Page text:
A good wireless gaming mouse is a lot like the story of Goldilocks. Instead of the porridge being too hot or too cold, a gaming mouse can often be too big or too small, too many buttons or not enough, too light or too heavy. Corsair’s update to its Dark Core mouse, however, tries to strike a perfect balance in almost all aspects of their design. While still a large mouse, Corsair has made some smart changes with the Dark Core RGB Pro SE, both inside and out.
Sensor: PixArt PAW3392
Battery: 50 hours, Qi Wireless Charging
Interface: Corsair Slipstream (2.4 GHz dongle), Bluetooth 4.0, USB-C wired
Ergonomic: Right-handed Palm Grip
There are fewer buttons than its predecessor, but the layout is now cleaner and more thought out because of it. The upgraded Pixart PAW3392 optical sensor now reaches 18,000 DPI, and the QI wireless compatibility and improved battery life are just some of the improvements under the hood that should get some folks excited. The other is the $90 price that well undercuts its competitors like the Logitech G604 Lightspeed or the ROG Spatha, which is another gaming mouse for people with big mitts.
The Dark Core Pro uses Corsair’s Slipstream wireless tech, which Corsair claims sports a sub-1ms latency. That means it should be nearly indistinguishable from a wired gaming mouse in terms of performance. During my time, I’m surprised to report that yeah, it feels as good as a wired gaming mouse.
Whenever I get a new mouse in I, spend a lot of time in the Apex Legends target range messing around with guns and different ranges. It's an easy way to see how my aim holds up with various weapons, and I had no problem when handling precision guns like the G7 scout, Triple-take, or the Wingman.
I need to give the button layout a shoutout too. Mostly the smart placement of the two buttons to adjust DPI on the fly, located on the edge of the left mouse button that cycles through your onboard profiles. The light indicator to let you know which profile you're on is also a nice touch. At first, I was concerned that the LMB being slightly thinner than the RMB to accommodate the two extra buttons might affect my gameplay. Still, it ended up being a non-issue playing frantic shooters such as Call of Duty Warzone.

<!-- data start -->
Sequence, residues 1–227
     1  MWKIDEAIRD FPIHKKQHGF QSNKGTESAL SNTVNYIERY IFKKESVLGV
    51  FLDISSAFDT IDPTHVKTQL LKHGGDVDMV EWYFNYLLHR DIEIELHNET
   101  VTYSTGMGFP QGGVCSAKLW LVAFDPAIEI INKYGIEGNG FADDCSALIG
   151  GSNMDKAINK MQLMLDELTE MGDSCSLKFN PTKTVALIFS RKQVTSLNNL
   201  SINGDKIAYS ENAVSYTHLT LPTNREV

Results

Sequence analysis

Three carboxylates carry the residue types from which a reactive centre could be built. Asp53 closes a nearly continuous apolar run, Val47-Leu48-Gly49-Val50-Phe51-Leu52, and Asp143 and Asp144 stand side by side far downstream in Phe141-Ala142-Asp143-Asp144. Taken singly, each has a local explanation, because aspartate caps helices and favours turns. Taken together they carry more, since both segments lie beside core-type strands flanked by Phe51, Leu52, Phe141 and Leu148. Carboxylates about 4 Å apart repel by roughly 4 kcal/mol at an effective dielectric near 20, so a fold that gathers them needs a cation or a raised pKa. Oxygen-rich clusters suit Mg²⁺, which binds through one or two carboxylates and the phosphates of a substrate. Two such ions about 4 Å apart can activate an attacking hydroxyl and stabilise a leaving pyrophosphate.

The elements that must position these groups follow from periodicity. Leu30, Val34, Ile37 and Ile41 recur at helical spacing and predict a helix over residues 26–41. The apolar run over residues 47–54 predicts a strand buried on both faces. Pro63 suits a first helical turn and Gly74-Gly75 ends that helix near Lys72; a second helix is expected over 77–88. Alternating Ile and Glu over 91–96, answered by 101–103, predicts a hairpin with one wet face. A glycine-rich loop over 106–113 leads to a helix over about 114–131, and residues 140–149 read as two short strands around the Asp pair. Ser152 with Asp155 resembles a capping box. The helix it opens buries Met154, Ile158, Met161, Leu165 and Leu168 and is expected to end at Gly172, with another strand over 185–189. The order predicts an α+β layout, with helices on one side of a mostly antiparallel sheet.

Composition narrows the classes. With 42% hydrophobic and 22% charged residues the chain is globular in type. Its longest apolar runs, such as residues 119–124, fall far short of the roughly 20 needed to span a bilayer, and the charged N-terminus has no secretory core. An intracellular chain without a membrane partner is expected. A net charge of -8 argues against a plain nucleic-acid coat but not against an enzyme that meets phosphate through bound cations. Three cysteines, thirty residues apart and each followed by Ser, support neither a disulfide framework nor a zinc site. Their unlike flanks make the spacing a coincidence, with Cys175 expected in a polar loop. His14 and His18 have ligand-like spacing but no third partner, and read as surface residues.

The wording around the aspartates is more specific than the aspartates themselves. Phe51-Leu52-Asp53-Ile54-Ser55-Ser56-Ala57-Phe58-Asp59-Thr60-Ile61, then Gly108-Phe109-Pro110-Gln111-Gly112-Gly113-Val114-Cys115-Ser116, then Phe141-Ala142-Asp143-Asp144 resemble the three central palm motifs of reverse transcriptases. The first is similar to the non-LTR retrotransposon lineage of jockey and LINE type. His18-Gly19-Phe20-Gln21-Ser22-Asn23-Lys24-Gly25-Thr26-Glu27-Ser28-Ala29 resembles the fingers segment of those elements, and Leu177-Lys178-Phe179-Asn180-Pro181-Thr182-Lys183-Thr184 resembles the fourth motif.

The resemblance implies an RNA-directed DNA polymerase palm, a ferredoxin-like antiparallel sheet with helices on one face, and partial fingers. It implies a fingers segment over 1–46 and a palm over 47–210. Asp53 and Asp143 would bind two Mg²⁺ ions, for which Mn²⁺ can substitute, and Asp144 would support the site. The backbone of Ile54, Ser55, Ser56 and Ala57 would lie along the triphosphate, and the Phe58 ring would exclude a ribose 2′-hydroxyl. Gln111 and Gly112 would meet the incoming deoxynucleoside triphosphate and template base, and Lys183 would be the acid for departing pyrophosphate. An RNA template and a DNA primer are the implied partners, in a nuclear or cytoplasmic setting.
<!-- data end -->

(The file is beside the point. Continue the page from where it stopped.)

Shooters like COD: Warzone benefit the most from this on the fly DPI switching. Being able to move from a high DPI to a lower preset whenever I pick up a long-range weapon for sniping is seriously useful and has become my new favorite way to play.
For me, the Dark Core RGB Pro SE is best used with a palm grip. Though, if you're a claw grip gamer like me, the mouse still works just fine, even if the textured grip around the mouse feels a little too slick for my liking. If you have larger hands, the Dark Core Pro sits taller than Corsair's other gaming mice, such as the Harpoon or Glaive. There's even an additional modular magnetized textured grip you can attach to the right side of the mouse if you need a place to rest your pinky and ring fingers. I found this to be a more comfortable option for long-term gaming sessions.
Battery-wise, the Dark Core Pro SE boasts up to 50-hour battery life on a single charge, and the upgrade to USB-C charging is a welcome improvement. Another nice touch is the Qi wireless charging support now that is becoming more common in mousepads (it works with Corsair's MM1000, too). Anecdotally, the Dark Core lasted me about four days of gaming and working before I had to recharge it.
On the connectivity front, I ran into no problems with the 2.4GHz wireless connection via dongle, or when connected through Bluetooth 4.0. I experimented a bit and added in some wireless dongles to other devices I own, such as a wireless headset and keyboard, just to give it some extra traffic to contend with. I did notice some considerable stuttering after I added the dongle for the wireless keyboard. Switching over to Bluetooth was the best fix for me, so it's just something you need to be aware of if you have a ton of wireless dongles on your PC or laptop. Though, if you want to take advantage of that speedy, ultra-low latency Corsair Slipstream tech, you do need to use the dongle.
Corsair's Dark Core RGB Pro SE is competitively priced at $90, and to all intents and purposes, closes the performance gap between wired and wireless gaming mice. Despite the lack of claw grip love, Corsair's impressively updated mouse is still worth a look if you want something speedy and affordable, assuming you don't mind a larger gaming mouse. Personally I find it a little too large to work comfortably with my claw grip and I'd suggest trying to literally get your hands on the mouse to see how you fare before pulling the trigger on buying one.